Take a gun, grizzlies think Dodge Rams are food frigs with nice plump human eats inside
If I end up needing a fan clutch, I'll definitely take a look at the aftermarket stuff. Still working through the diagnostics. Most of the online forums say stick to the OEM part due to high failure rates. Never tried a coolant flush in this truck. Did change the coolant a couple times while doing other work. Might be time. I don't carry a EPERB. Thought about buying something cheaper like a SPOT for backcountry trips but haven't bought one yet. I do file a flight plan and expect there will be others on the road. It's a short 3 month travel season so there will be some pickups, jeeps, ATV's, motorcycles, etc. out there. Biggest fear is meeting people on a one lane shelf road with a 1000 ft drop off and having to back up a mile for a turnout. We only have black bears in the area so far, but grizzlies are migrating in this direction. More than enough wolves, black bears and cougars though.
 

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cerberusiam has posted several times that his users have had good luck with one brand of aftermarket fan clutch for the 3rd Gens diesels. Believe it was NAPA or Autozone, check with cerb.

NAPA is about half the price of the OEM.

Flip the AC on MAX cool while working the motor hard at low speeds, will at least get some lockup and extra cooling starting at lower temps.

Have you tried a coolant system flush with Fleetguard Restore or use Restore Plus if not done for years. These Cummins iron blocks scale up heavily reducing cooling. Scale also plugs the block/head cooling passages, hoses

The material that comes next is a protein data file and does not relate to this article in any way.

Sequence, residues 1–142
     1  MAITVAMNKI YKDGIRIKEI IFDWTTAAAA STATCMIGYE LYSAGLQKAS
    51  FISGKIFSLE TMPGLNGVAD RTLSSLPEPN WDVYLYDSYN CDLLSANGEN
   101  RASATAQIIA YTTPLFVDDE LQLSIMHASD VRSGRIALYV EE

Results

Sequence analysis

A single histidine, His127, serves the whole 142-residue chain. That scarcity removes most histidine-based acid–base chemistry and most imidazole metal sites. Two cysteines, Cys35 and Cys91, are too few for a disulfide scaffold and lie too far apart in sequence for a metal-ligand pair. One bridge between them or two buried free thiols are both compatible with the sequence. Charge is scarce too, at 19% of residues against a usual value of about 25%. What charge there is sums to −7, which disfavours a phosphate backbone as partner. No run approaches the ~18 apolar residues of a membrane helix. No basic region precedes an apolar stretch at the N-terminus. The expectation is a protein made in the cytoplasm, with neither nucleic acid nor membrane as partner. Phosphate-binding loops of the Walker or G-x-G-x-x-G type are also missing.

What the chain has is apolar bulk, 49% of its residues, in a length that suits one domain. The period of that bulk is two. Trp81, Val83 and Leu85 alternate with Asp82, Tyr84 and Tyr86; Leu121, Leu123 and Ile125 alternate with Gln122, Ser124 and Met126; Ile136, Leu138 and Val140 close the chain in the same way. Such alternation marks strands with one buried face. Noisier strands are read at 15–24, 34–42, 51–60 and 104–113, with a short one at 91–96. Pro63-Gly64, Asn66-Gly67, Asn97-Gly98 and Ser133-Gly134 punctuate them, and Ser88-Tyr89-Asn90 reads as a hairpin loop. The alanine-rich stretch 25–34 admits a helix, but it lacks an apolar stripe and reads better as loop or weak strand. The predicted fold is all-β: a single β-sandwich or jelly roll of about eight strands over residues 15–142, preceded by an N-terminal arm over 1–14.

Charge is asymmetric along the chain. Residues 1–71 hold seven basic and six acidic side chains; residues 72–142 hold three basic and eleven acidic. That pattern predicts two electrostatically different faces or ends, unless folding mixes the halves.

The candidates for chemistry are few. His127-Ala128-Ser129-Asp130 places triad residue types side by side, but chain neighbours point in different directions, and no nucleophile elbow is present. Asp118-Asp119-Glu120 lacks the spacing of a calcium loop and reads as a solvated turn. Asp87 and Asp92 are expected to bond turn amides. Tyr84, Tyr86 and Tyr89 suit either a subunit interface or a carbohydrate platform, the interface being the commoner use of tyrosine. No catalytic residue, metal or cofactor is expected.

Slipping fan belt or slick pulley from oil or use of silicone spray under hood will also decrease the cooling efficiency, fan and pump both slip.
I've used 100 grit sand paper to roughen them up to increase grab.

Great trip in the backcountry. got your EPERB?

Take a gun, grizzlies think Dodge Rams are food frigs with nice plump human eats inside
hayes was the one he mentioned...


mike, fan clutch test in the manual states it can take ip to 15 minute sor the fan to engage, seems like a design defect if it actually took that long but worth mentioning...
 

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I've read that excessive high side pressure caused by a non-working fan clutch can take out your compresor.
No.
This is not true.
The safety valve on compressor should operate/open to release the excessive pressure.
I think the ECM also disengage the ac clutch. I just don’t have the pressure number with me now.:wink2:
.
 
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If you have HP tuner module, you can see what the ECM is commanding for the fan vs what is actually doing. It is a very good diagnostic tool for other systems on your truck as well.
 

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Discussion Starter #13 (Edited)
Fan clutch engagement parameters

hayes was the one he mentioned...


mike, fan clutch test in the manual states it can take ip to 15 minute sor the fan to engage, seems like a design defect if it actually took that long but worth mentioning...

Was it Hayes or maybe a Hayden like this one (Hayden 3282)? https://www.haydenauto.com/en/ecatalog?year=2005 There's some speculation that Hayden might even make the OEM version.

I recall reading about the long wait time for the clutch to engage and had the same feeling. Seems like a poor design to let things keep heating up. I let it run for about 5-10 minutes at full operating temp, at idle, with AC on full blast. No engagement or fan roar. The ECM temperature thresholds to trigger fan engagement seem a bit high. Work stuff and an insurance claim has kept me from from further diagnostics today. We had a big storm here a few days ago that dropped a pretty big Ponderosa Pine on the house. Got it removed and now working on the estimate to get the roof repaired.